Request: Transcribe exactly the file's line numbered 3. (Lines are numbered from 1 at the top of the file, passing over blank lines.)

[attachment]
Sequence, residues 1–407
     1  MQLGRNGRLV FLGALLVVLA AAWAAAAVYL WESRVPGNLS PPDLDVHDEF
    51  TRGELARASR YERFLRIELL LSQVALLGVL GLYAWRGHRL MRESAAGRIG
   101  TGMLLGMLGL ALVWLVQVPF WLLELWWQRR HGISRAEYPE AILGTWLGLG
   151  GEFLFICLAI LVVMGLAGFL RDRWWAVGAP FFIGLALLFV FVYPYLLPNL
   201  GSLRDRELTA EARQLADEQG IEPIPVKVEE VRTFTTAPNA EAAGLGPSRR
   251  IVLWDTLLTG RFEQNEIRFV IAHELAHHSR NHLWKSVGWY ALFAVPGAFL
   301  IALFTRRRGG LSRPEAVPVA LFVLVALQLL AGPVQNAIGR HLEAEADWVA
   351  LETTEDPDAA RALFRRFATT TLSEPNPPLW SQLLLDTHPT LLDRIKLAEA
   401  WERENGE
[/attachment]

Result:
    51  TRGELARASR YERFLRIELL LSQVALLGVL GLYAWRGHRL MRESAAGRIG